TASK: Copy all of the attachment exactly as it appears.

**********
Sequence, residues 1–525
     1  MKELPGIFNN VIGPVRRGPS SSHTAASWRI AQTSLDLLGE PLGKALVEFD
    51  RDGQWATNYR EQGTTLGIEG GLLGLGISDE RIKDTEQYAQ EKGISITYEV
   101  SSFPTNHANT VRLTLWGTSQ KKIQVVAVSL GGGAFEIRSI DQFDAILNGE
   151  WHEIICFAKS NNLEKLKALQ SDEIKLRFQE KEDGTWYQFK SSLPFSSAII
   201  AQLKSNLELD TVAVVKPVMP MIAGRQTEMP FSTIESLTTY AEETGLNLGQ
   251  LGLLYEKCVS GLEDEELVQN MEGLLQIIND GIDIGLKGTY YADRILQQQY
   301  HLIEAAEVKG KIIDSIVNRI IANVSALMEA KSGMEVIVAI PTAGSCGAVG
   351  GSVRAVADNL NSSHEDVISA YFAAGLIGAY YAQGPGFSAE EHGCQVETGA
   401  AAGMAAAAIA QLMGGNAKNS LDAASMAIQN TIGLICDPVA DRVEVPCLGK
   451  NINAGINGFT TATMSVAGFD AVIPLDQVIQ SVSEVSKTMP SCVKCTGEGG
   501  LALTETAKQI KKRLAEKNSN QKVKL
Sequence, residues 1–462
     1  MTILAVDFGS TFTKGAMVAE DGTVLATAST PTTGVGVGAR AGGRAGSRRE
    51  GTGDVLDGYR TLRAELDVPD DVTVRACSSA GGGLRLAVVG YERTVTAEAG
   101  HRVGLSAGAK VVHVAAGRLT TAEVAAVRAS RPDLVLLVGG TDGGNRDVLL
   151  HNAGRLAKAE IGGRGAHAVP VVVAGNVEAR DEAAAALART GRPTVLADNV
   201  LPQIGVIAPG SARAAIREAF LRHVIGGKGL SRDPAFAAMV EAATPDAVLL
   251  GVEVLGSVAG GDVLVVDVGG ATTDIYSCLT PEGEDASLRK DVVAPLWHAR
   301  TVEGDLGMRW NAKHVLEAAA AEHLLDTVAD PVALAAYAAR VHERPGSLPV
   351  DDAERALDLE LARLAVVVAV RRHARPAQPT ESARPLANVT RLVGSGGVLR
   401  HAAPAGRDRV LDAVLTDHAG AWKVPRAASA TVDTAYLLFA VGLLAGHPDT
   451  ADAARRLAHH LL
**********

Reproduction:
Sequence, residues 1–525
     1  MKELPGIFNN VIGPVRRGPS SSHTAASWRI AQTSLDLLGE PLGKALVEFD
    51  RDGQWATNYR EQGTTLGIEG GLLGLGISDE RIKDTEQYAQ EKGISITYEV
   101  SSFPTNHANT VRLTLWGTSQ KKIQVVAVSL GGGAFEIRSI DQFDAILNGE
   151  WHEIICFAKS NNLEKLKALQ SDEIKLRFQE KEDGTWYQFK SSLPFSSAII
   201  AQLKSNLELD TVAVVKPVMP MIAGRQTEMP FSTIESLTTY AEETGLNLGQ
   251  LGLLYEKCVS GLEDEELVQN MEGLLQIIND GIDIGLKGTY YADRILQQQY
   301  HLIEAAEVKG KIIDSIVNRI IANVSALMEA KSGMEVIVAI PTAGSCGAVG
   351  GSVRAVADNL NSSHEDVISA YFAAGLIGAY YAQGPGFSAE EHGCQVETGA
   401  AAGMAAAAIA QLMGGNAKNS LDAASMAIQN TIGLICDPVA DRVEVPCLGK
   451  NINAGINGFT TATMSVAGFD AVIPLDQVIQ SVSEVSKTMP SCVKCTGEGG
   501  LALTETAKQI KKRLAEKNSN QKVKL
Sequence, residues 1–462
     1  MTILAVDFGS TFTKGAMVAE DGTVLATAST PTTGVGVGAR AGGRAGSRRE
    51  GTGDVLDGYR TLRAELDVPD DVTVRACSSA GGGLRLAVVG YERTVTAEAG
   101  HRVGLSAGAK VVHVAAGRLT TAEVAAVRAS RPDLVLLVGG TDGGNRDVLL
   151  HNAGRLAKAE IGGRGAHAVP VVVAGNVEAR DEAAAALART GRPTVLADNV
   201  LPQIGVIAPG SARAAIREAF LRHVIGGKGL SRDPAFAAMV EAATPDAVLL
   251  GVEVLGSVAG GDVLVVDVGG ATTDIYSCLT PEGEDASLRK DVVAPLWHAR
   301  TVEGDLGMRW NAKHVLEAAA AEHLLDTVAD PVALAAYAAR VHERPGSLPV
   351  DDAERALDLE LARLAVVVAV RRHARPAQPT ESARPLANVT RLVGSGGVLR
   401  HAAPAGRDRV LDAVLTDHAG AWKVPRAASA TVDTAYLLFA VGLLAGHPDT
   451  ADAARRLAHH LL